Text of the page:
There is a growing fear that the travel ban that prevents thousands of Filipinos from returning to China, Hong Kong, and Macau to work, study and live with their families, to protect them from the coronavirus outbreak, will be extended for another month.
The response is the result of new advisories from major airlines that fly from Hong Kong to key cities that moved the resumption of their flights from Feb. 29 to Mar. 28.
PAL, Cathay, Cebu Pacific to Resume Flights to China, Hong Kong, and Macau on March 28
The Philippine Airlines, Cathay Pacific and Cebu Pacific all issued the uniform advisory on Feb 11 (Tuesday), as was added to the list of banned destinations for Filipinos departing from and other international airports.
Commenting on this, Consul General Raly Tejada, however, said there has been no official word from on when the temporary travel ban imposed on Feb. 2 might be lifted.
He also added that there has not been a reply to the Hong Kong government’s formal request for Filipinos to be allowed back in the city.
Tejada reiterated that the Consulate, along with the Department of Foreign Affairs, supports the call for the ban to be lifted, especially for Filipino migrant workers and residents in Hong Kong.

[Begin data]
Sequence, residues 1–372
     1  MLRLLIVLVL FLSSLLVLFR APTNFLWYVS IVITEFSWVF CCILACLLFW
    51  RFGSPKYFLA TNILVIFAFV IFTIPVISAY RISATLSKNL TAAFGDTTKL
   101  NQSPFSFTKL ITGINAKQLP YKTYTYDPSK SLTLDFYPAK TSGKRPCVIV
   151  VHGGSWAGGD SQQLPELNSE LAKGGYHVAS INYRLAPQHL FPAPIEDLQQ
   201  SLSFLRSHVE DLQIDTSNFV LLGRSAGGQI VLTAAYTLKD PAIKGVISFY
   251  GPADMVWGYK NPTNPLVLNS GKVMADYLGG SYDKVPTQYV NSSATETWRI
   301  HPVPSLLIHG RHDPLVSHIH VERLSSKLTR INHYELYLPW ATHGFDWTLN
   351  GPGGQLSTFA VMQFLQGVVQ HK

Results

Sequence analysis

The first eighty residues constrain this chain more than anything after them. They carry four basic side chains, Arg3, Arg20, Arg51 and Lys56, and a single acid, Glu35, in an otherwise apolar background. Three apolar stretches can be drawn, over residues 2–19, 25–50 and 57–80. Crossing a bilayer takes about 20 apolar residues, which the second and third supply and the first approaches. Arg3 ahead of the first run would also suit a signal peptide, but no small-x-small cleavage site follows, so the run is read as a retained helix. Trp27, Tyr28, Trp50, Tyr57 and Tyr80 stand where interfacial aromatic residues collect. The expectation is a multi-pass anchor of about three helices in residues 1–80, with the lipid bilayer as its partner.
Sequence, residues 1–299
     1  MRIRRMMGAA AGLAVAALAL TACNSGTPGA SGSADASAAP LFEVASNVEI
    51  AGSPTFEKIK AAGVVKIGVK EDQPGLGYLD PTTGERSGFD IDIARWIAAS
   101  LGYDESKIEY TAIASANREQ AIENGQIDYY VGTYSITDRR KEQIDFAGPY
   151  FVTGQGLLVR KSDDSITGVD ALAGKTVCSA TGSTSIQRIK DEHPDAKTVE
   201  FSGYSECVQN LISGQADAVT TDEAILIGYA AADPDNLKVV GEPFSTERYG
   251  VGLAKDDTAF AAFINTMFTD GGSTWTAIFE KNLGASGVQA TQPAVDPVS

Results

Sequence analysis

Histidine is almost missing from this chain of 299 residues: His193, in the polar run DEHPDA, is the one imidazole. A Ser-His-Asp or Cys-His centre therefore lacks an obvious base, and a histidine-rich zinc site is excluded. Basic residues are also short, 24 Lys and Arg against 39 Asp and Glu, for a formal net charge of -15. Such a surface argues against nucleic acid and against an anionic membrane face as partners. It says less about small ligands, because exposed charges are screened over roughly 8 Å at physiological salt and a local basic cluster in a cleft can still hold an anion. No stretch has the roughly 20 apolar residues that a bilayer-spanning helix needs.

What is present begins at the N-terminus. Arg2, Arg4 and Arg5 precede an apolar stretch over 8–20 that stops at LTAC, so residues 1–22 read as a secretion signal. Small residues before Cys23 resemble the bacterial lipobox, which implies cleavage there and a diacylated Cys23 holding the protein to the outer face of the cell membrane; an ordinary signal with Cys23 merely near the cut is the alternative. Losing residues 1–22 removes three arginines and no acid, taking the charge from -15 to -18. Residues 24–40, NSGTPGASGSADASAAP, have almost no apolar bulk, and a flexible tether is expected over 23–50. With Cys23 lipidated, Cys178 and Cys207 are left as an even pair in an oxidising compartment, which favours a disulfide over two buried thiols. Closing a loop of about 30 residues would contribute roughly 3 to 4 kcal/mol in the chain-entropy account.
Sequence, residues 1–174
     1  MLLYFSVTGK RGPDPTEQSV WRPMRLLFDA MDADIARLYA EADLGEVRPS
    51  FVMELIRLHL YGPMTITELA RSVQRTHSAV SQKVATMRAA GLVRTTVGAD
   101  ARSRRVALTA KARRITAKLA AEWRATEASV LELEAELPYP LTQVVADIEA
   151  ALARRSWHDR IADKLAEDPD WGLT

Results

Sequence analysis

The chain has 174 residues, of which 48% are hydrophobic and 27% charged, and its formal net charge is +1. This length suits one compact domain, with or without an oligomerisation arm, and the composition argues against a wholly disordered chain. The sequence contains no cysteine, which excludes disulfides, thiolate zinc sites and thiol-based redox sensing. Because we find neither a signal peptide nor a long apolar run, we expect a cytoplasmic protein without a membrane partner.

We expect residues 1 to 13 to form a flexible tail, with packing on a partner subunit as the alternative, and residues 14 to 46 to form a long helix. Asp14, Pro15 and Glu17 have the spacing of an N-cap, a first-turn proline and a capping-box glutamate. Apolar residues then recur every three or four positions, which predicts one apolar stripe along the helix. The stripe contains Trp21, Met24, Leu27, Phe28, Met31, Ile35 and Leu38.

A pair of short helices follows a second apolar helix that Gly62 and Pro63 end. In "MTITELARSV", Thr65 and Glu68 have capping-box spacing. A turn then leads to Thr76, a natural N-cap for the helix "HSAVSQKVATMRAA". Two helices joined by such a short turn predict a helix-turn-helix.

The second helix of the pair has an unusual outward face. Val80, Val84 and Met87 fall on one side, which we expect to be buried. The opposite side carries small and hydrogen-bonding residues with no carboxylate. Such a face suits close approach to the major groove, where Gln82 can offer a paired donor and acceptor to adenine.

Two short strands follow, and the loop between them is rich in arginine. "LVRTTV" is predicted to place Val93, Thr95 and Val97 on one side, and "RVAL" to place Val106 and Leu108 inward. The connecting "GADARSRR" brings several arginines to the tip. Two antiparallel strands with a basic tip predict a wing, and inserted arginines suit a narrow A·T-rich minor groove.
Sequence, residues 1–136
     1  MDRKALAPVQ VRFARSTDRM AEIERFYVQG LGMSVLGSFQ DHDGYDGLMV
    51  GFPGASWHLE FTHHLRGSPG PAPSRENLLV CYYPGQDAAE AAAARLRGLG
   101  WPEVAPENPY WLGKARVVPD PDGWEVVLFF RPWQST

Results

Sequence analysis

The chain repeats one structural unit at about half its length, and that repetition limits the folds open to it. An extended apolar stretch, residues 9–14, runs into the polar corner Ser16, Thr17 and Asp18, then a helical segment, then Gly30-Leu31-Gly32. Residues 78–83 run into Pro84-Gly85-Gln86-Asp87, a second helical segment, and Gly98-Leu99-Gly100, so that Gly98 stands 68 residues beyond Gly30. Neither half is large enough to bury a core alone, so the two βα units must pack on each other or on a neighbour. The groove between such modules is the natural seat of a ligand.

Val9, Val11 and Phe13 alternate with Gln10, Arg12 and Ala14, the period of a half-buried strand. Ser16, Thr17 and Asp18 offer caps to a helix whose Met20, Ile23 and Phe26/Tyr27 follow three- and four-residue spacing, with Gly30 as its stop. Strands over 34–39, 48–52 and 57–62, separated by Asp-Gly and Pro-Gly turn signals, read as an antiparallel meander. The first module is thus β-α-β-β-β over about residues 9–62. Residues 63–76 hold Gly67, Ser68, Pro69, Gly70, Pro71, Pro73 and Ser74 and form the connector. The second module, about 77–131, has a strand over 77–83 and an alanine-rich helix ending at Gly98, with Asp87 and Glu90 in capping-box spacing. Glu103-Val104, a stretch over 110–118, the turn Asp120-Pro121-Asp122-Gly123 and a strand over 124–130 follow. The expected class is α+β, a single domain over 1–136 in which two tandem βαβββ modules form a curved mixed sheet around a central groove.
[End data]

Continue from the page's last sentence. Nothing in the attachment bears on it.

As per Philippine immigration officials, Taiwan should have been included in the original ban imposed on Feb 2 that prohibited Filipinos traveling to China, Hong Kong, and Macau, because the city-state is part of what the Philippines consider as “greater China”.
Although Taiwan had tried to protest the ban, after a day of conflicting statements from Philippine government officials, it was still kept in place.
To this day, only the Philippines has barred its own nationals from leaving the country for destinations apart from China, although several governments have raised travel alerts for countries heavily affected by the coronavirus disease (COVID-19) outbreak.
Commenting on this development, the United Filipinos (UNIFIL) in Hong Kong, which has been leading the campaign for the immediate lifting of the ban, calls the airlines’ announcements distressing and worrying.
UNIFIL chairperson Dolores Balladares said that if the travel ban is prolonged, there will be more OFWs, residents and their families, who will have their livelihood and employment at risk including those who have been working with their employers for a long time.
Balladares pointed out that it is highly likely that employers will not be able to wait for a long time for their much-needed helper to return, and will just opt to terminate their contract.
She also noted that in Taiwan alone, at least 200 OFWs were immediately affected by the last-minute ban.
The same is true with returning residents stranded in Hong Kong and the Philippines now, as their income could be cut at the very least if they’re unable to get back to work for a long time.
In line with this, UNIFIL-Migrante is now working closely with Migrante International in organizing a press conference scheduled on Feb 17, during which those stranded by the ban are encouraged to speak about how it has impacted their life and work.